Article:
June 28, 2003 -- On July 4th, we celebrate the establishment of the United States of America by our Founding Fathers. Since 1776, America has become the freest, richest country that the world has ever known. One way to appreciate just what a blessing this country is to each of us is to reflect upon what the world would be like if America had lost the Revolution, if there were no America.
What if armed minutemen had not fought so valiantly at Lexington, Concord, and Bunker Hill? What if Washington’s volunteers had been summer soldiers and sunshine patriots who could not endure the bitter winter at Valley Forge? What if Jefferson had never penned the Declaration of Independence, or if his words had been lost in the face of a British victory?
The key to America is the idea of liberty articulated in the Declaration, that all men are created equal and endowed “with certain unalienable Rights, that among these are Life, Liberty, and the pursuit of Happiness—That to secure these Rights, Governments are instituted among Men, deriving their just Powers from the Consent of the Governed.”
Without that ringing affirmation of individualism, perhaps many of the colonists—in moral confusion—would not have fought for their freedom. Without Jefferson’s crystallizing words, the colonists might not have seen the future of opportunity that a victory would bring.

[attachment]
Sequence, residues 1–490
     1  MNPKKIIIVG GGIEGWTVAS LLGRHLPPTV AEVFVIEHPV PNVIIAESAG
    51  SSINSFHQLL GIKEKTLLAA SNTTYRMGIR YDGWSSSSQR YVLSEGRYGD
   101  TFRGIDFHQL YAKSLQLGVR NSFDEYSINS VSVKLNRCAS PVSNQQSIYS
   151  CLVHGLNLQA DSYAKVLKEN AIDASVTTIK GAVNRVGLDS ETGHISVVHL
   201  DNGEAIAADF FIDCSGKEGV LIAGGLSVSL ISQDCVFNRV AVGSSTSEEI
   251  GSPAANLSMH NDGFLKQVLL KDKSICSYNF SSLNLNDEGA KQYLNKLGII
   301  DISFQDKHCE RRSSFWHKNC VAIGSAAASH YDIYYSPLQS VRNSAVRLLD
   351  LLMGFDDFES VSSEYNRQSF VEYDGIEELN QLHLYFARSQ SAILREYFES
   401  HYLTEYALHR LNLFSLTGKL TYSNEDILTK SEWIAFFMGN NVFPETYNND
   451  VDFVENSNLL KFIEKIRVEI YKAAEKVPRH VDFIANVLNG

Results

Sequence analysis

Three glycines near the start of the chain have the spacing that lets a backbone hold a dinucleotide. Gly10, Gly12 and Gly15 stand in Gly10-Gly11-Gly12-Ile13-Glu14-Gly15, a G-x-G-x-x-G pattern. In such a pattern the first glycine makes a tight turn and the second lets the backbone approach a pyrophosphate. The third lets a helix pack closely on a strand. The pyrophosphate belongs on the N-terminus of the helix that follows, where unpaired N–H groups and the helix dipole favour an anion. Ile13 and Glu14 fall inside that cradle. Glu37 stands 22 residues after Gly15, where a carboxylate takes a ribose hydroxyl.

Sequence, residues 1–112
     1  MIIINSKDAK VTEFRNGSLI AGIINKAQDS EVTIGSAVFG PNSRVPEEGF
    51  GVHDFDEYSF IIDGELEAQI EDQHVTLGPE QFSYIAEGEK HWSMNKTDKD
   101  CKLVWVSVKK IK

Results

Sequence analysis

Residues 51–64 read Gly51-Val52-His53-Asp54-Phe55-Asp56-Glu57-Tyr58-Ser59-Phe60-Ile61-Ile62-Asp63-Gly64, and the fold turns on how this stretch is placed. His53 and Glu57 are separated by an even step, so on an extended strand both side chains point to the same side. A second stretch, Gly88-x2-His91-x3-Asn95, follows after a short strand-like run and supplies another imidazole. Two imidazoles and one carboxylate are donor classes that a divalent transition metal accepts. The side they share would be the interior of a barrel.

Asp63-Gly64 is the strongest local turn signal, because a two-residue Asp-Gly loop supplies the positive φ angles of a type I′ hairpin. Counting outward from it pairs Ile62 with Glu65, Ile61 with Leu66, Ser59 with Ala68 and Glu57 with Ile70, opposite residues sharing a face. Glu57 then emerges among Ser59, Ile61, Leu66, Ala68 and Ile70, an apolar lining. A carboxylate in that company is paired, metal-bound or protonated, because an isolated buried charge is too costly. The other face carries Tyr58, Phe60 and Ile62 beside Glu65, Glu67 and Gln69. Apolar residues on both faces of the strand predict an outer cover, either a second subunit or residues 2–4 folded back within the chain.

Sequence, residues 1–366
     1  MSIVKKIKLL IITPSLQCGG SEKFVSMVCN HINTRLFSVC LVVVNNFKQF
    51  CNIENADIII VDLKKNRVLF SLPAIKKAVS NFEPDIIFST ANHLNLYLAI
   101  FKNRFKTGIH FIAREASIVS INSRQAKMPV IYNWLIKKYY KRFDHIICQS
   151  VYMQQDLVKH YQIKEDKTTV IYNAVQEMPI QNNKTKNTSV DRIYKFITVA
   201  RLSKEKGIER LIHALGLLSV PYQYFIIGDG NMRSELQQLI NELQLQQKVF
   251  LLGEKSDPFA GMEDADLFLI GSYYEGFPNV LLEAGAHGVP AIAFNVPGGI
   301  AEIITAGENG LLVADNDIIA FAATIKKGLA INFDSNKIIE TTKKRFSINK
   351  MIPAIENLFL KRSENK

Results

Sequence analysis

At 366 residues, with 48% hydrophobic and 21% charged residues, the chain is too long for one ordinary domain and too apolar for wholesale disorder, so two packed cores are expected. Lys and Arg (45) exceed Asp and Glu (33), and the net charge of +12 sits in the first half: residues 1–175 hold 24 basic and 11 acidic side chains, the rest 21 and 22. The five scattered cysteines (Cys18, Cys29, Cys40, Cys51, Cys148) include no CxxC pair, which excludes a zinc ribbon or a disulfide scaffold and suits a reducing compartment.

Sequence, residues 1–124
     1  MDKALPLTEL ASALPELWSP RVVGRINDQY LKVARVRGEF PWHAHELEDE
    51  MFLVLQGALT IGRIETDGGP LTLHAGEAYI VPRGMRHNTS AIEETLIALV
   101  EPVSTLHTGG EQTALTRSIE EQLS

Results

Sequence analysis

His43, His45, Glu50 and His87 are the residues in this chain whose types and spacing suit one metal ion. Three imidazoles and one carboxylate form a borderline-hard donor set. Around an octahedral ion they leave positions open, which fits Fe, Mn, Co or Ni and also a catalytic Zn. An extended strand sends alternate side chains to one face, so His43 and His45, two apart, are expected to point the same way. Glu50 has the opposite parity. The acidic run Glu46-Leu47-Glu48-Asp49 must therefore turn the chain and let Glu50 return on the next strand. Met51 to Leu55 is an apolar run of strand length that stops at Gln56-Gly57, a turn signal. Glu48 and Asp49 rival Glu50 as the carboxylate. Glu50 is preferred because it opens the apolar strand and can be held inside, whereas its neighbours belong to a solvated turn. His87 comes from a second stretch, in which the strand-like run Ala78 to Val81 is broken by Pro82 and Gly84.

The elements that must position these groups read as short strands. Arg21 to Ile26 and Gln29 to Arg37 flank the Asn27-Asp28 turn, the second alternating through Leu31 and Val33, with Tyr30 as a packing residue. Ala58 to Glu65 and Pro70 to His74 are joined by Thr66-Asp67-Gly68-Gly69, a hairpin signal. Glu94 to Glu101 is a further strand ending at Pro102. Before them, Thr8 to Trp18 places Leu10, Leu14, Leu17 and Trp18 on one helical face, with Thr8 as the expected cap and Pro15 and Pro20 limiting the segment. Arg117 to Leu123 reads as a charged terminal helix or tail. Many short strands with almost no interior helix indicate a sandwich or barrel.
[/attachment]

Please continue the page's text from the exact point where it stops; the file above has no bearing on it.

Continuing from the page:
Without an American victory, the political map of the world would have been sadly different. Perhaps the colonists in British America would have remained a few million confined to the eastern seaboard, with French, Spanish and Russian colonies occupying the rest of the continent. Without America, the subjects of the Great Powers of Europe might have wasted their time, energy, and blood fighting in the New World the types of wars that plagued the Old World.
But instead, in the two centuries and two score years of its history, the United States expanded from the Atlantic to the Pacific, and three million colonists became 280 million proud citizens who constructed homes and towns, planted crops, raised cattle, mined gold, silver and copper, established trading posts and ports, and built railroads, steel mills, factories, and great, gleaming cities.
Edward Hudgins is research director at the Heartland Institute and former director of advocacy and senior scholar at The Atlas Society.
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